If you’re one of the many who believe Stephanie McMahon’s character on WWE television is actively detrimental to the wrestlers she comes into contact with, well, you might wants to blame her father, Vince McMahon, for it. That’s based on comments made by former WWE writer Kevin Eck in a recent appearance on the PWTorch Livecast:
“My experience was she was not very hands-on at all. For better or worse, that’s the way we wrote her and that’s the way I think Vince perceived her character is the way it was presented on TV. Certainly, she had Creative input, but she was really open to just about anything we pitched for her. She was very open to ideas. Hunter was more of a micro-manager when it came how Steph’s character was perceived. It’s not like she demanded to the writing team that I have to be this woman who humiliates everyone. I think Vince sees it as how she gets her heat. You can argue whether or not that cuts characters off at the knees or is detrimental to them, but I think that’s the way Vince sees that character, and that’s how she gets heat by emasculating people, and you want to root for her to get her comeuppance. That’s the way he sees it. I don’t think there’s any ulterior motives as to, ‘Well, it’s just about getting Stephanie over at the expense of talent.’ That was never my perception of how she was presented.”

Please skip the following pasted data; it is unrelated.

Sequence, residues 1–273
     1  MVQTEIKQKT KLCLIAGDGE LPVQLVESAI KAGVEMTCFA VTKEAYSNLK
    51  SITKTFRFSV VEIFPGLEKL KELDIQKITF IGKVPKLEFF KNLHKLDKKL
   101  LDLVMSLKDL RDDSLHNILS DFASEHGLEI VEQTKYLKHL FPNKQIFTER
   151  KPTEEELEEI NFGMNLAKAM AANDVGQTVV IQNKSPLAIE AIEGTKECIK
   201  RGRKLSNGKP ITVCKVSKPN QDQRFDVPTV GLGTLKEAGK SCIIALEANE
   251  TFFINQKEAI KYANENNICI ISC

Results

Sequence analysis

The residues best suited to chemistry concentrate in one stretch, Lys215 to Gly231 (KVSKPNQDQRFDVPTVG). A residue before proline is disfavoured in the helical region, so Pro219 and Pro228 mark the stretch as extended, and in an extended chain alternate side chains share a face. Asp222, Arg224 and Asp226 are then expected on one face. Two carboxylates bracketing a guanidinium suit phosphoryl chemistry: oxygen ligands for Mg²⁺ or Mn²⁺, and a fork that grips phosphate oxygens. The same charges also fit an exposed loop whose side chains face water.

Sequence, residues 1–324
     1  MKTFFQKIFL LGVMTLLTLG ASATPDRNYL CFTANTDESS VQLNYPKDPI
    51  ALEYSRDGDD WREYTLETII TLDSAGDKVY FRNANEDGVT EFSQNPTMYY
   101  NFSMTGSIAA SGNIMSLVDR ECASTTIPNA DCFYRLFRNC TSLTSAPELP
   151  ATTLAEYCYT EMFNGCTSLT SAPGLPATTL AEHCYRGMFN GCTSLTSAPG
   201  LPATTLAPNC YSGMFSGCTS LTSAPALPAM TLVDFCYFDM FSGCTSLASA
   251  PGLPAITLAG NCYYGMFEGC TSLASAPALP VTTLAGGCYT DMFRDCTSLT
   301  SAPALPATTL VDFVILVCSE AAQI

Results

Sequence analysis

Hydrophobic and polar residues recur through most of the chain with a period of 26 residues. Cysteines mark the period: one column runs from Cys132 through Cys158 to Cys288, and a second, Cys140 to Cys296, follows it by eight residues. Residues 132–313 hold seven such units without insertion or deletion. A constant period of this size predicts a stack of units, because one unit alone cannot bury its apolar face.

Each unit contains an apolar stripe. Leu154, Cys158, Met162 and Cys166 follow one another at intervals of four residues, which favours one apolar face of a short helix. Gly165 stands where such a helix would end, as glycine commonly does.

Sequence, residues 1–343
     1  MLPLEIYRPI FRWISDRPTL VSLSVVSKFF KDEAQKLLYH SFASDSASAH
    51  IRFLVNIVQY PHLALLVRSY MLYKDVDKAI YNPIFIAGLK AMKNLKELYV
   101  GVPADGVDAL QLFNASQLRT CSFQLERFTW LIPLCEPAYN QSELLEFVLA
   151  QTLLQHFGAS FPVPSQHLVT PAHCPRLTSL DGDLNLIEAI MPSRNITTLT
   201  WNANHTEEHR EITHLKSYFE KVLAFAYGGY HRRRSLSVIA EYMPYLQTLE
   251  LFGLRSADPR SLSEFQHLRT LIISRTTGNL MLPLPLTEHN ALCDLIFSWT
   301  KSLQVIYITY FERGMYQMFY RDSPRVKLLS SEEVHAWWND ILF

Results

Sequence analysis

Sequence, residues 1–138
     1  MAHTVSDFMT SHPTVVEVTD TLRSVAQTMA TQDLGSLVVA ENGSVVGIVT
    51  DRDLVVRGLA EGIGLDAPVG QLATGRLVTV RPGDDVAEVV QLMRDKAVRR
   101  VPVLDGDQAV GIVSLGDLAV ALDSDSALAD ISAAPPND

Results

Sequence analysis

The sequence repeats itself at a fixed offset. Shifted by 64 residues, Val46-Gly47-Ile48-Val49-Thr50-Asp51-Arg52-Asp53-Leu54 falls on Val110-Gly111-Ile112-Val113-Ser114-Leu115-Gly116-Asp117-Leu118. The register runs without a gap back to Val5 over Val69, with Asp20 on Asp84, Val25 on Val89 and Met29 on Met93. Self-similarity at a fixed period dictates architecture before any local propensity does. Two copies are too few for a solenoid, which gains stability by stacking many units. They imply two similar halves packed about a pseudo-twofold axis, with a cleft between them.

This makes sense, in a way. Stephanie runs down a babyface wrestler and gets heat because of it. The issue, of course, is how said babyface wrestler gets one up on her in return. The only real option is to prove her wrong, much like her continuously running down Daniel Bryan as something less than a top star only for Bryan to defeat her husband, Triple H, en route to winning the WWE world heavyweight championship in the main event of WrestleMania 30.
That’s the best we’re going to get, at least as far as the men are concerned.
To be fair to Stephanie, she’s done things like allow herself to get thrown into a pool of muck on Raw. But it sure does seem like she comes out ahead on most of her interactions.
If we’re to believe Eck, however, we should be blaming Vince for that.